Shorter Mark Mathis: Ken Miller’s flamboyant Catholicism would’ve provoked a Scanners-esque reaction among members of our audience. We stonewalled him for their safety.

Reginald Wrote:

I’m so happy to see this. In all the scientific reasons why ID is bunk, the fact that it’s plain bad theology is just overlooked and I feel that’s really the best ammunition we have.

While I agree that the fact of ID being bad theology is a useful and potentially telling one, I don’t think we can categorise this amongst scientific reasons why ID is bunk.

Scientists tend to argue from their areas of expertise, which only rarely includes theology. What we need is for more theologians to stand up and be counted.

Think about it, is the core audience a bunch of people who read books on virology for fun?

Well, erm … yeah, doesn’t everybody?

(Just kidding. I once tried to read Fields’s Virology from page 1 and fell asleep halfway through chpater 3*).

*It is worth pointing out that chapter 3 is the chapter on viral taxonomy.

That’s funny. As for Ken not being a typical Roman Catholic, I have a book arguing for evolution . It is;

Evolution and Theology

Rev Ernest Messenger (Ph.D. Louvain)

Published by Burns and Oates in 1932 complete with Imprimatur and Nihil Obstat.

With little effort one could find loads more.I am sure Peter hess’s new book (Greenwood Press) would provide some.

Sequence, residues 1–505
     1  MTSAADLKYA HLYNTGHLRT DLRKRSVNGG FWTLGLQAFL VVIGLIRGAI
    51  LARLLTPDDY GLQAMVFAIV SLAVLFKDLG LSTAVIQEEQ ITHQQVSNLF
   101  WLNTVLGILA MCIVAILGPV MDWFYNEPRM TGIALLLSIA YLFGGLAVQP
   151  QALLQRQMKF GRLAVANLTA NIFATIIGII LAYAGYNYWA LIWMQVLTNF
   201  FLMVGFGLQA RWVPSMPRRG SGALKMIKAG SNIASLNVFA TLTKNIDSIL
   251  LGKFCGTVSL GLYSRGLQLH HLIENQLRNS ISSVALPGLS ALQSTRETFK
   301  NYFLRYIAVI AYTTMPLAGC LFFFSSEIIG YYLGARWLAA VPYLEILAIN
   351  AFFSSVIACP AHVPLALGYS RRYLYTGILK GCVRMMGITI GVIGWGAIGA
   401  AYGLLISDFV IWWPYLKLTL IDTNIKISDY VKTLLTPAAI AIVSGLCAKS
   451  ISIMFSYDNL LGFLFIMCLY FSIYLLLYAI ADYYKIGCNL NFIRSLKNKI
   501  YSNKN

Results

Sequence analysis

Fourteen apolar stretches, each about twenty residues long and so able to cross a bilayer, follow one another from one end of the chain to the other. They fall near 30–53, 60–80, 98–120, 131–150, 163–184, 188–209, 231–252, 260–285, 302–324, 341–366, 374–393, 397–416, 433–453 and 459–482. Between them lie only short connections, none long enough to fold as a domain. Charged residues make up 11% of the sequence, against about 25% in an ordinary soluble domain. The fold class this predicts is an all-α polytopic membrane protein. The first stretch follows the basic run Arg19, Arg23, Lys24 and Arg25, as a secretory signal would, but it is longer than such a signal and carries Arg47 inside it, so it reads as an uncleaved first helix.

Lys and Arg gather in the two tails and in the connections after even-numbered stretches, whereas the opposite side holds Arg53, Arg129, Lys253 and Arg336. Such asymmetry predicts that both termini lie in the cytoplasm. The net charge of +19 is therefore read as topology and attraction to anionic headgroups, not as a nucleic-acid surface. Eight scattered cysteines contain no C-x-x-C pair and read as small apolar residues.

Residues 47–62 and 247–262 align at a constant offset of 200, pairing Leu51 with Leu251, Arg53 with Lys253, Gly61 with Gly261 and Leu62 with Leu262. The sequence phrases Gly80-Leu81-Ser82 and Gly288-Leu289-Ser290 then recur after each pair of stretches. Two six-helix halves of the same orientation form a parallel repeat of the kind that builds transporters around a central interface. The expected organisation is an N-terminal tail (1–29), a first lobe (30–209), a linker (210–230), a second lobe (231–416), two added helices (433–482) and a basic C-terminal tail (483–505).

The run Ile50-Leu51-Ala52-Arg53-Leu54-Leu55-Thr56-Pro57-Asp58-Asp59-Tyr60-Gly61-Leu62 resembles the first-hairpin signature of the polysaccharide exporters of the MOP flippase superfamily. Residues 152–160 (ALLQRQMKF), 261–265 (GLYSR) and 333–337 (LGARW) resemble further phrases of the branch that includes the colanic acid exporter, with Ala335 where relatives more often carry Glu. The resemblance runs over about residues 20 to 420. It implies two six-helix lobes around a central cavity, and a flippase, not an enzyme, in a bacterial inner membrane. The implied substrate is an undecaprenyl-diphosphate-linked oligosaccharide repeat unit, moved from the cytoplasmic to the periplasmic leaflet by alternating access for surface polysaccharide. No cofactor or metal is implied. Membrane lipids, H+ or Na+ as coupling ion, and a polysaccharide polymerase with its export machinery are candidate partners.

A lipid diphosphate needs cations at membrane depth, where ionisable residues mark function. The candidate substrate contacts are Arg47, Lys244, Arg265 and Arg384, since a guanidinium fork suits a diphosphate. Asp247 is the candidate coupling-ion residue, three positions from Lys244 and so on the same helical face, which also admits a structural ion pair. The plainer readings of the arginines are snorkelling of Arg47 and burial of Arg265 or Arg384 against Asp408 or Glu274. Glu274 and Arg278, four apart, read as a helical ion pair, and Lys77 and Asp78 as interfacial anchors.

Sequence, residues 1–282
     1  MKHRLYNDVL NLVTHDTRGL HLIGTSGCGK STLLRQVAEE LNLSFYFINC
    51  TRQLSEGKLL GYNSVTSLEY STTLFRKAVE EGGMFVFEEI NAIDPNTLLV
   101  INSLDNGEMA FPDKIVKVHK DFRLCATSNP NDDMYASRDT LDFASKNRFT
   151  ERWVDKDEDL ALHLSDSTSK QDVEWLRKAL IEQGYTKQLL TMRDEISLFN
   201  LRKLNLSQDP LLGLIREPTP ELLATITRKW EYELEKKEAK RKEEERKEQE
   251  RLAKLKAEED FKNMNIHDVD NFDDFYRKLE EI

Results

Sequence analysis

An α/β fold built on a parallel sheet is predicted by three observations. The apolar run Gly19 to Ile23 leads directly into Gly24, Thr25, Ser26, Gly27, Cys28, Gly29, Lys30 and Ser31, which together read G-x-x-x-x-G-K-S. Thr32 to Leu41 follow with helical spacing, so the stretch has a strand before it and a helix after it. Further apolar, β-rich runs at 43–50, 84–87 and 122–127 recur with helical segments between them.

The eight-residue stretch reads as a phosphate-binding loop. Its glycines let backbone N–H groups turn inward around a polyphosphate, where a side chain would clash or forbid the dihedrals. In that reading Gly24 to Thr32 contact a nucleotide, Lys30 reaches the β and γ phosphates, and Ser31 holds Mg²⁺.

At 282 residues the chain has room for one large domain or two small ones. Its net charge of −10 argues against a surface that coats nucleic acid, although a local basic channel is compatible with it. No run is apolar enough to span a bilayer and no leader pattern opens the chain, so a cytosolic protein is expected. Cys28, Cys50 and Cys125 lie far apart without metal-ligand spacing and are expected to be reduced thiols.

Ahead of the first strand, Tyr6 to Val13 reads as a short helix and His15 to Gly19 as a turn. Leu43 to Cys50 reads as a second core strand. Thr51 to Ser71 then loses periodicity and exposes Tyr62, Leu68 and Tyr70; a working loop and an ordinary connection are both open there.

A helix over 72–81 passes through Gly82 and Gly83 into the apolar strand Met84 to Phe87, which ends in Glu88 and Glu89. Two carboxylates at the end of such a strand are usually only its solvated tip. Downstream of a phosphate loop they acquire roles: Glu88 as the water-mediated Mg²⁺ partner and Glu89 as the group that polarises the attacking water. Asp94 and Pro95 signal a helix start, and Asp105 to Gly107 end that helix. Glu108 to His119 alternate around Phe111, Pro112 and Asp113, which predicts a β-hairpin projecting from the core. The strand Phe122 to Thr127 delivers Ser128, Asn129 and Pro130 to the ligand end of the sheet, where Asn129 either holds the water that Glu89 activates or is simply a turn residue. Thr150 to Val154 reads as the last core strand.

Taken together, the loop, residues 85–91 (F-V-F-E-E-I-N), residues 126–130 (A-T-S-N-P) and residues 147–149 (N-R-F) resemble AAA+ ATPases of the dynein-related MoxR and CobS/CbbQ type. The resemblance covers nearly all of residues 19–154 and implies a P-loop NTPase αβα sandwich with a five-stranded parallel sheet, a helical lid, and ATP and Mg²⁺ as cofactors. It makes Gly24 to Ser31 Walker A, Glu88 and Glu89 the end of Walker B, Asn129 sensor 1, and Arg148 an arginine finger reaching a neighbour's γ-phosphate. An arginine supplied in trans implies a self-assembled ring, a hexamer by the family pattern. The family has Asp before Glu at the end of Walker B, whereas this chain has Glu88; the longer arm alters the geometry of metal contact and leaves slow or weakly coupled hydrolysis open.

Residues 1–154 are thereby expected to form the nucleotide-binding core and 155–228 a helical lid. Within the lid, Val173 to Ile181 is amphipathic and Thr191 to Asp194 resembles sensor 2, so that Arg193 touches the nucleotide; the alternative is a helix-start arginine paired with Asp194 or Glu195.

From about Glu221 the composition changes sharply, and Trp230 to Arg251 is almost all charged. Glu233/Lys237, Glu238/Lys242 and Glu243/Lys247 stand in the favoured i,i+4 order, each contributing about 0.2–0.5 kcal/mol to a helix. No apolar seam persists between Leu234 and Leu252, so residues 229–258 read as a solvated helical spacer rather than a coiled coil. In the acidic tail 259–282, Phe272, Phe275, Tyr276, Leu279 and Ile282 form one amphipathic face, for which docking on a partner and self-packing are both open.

In fact the number of Real Catholics, real Evangelicals and Real Anglicans like Miller are innumerable and even more when you go back a century or two.

I note that no mention is ever made of real Evangelicals like the geologist Sedgwick in the 1830s or the many who accepted evolution after 1860 .

Another problem is that too many evangelicals today don’t want to face the controversy and don’t stand up to these guys.

Michael

Mathis claims that he, like I, was raised a Catholic.

Assuming he made it as far as Confirmation (age 12 or so) he would have been taught that the account of creation in Genesis is to be understood as largely metaphoric.

If he attended a Catholic High School, he would have heard a more detailed account of how the Catholic church views the relationship of positive (i.e. humanly generated, or non-revealed) knowledge such as scientific discoveries, and revealed knowledge, including that in the scriptures.